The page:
Why Do You Need Vitamin D?

Eileen Bailey Health Guide
  • When talking about sun protection, the topic of Vitamin D often comes up. Your body manufactures Vitamin D when exposed to the sun. Some people believe that it is important to get some sun exposure on a daily or regular basis to increase levels of the vitamin in your body. Many others believe that it is better to protect your skin from skin cancer and get the nutrient from a combination of foods and supplements.


    Vitamin D is essential to maintaining strong bones. Without it, your body cannot absorb enough calcium. This can lead to soft bones, thin or brittle bones, called rickets in children and osteomalacia in adults. While this is the most commonly known result of Vitamin D, it isn’t the only way your body uses this nutrient. Another bone disorder, osteoporosis, can occur after long-term deficiencies of Vitamin D. With osteoporosis, bones become fragile and can fracture easily.

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    Researchers have also been looking at other diseases and how they might relate to deficiencies in this nutrient. Some studies have shown connection to diseases such as diabetes, hypertension and multiple sclerosis. Scientists also think that Vitamin D might help protect you against colon cancer, prostate cancer and breast cancer. However, researchers have also found some evidence that high levels of Vitamin D could contribute to pancreatic cancer. These studies are not definitive and the link between the nutrient and cancer is still being examined.

    Other studies have looked at a possible link between low levels of Vitamin D and heart condition. A study published in the Archives of Internal Medicine in 2008, showed that people with low levels of Vitamin D had double the chance of dying of heart disease.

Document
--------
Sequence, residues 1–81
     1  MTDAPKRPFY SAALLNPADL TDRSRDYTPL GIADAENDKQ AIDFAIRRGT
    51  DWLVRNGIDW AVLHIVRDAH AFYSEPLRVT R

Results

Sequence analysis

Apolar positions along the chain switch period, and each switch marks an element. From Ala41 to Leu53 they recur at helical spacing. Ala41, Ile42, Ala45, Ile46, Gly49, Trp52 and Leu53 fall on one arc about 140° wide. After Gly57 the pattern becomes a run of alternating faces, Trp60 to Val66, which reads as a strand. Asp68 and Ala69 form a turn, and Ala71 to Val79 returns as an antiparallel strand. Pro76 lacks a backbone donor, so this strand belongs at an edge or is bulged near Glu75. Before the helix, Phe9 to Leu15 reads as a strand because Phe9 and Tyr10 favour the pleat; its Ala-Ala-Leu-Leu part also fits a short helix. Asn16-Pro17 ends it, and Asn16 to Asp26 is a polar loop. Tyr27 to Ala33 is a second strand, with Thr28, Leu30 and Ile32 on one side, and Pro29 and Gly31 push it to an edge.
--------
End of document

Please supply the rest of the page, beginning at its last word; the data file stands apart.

Adequate levels of Vitamin D might also protect against depression, insomnia and auto immune diseases.


    How Much Vitamin D Do You Need?


    Most people need 600 IU per day. Young children, younger than 12 months old only need 400 IU and those older than 70 years old require 800 IU each day according to the Food and Nutrition Board, a national group of experts.   


    Being in direct sunlight, with your legs and arms uncovered, for about 10 minutes during the summer months (midday) can give your body up to 10,000 IU of Vitamin D. This is why some experts believe you should spend a short amount of time in the sun each day. Other experts believe that this isn’t necessary and food and supplements can provide adequate levels of Vitamin D without increasing the risk of developing skin cancer.


    Foods with Vitamin D


    Because there are not many foods that contain Vitamin D, some are fortified with the nutrient. Your body doesn’t know the difference between foods that naturally contain Vitamin D or those that are fortified. Foods that have Vitamin D include:

    • Salmon and Mackerel
    • Mushrooms
    • Canned tuna in water
    • Canned sardines in oil
    • Milk, yogurt and cheese
    • Beef or calf liver
    • Egg yolks
    • Some brands of orange juice are fortified with Vitamin D
    • Some breakfast cereals are fortified with Vitamin D

    There are many supplements on the market for Vitamin D.


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    Who Is Most at Risk for Vitamin D Deficiency?


    In general, people who are dark skinned usually have lower levels of Vitamin D because their skin has less ability to produce Vitamin D from the sun. Women usually have lower levels than men and older people have lower levels than younger children.


    Certain diseases, such as Crohn’s disease or celiac disease, can prevent your body from producing enough Vitamin D. Those with kidney disease may also not produce enough of the nutrient.


    The only way to know if you are Vitamin D deficient is through a blood test.




    “Time in the Sun: How Much Is Needed for Vitamin D?” 2008, June 23, Deborah Kotz, US News and World Report


    “Vitamin D,” Reviewed 2011, June 24, Staff Writer, National Institutes of Health


    “Vitamin D and Your Health: Breaking Old Rules, Raising New Hopes,” 2007, February, Harvard’s Men’s Health Watch

Published On: July 15, 2014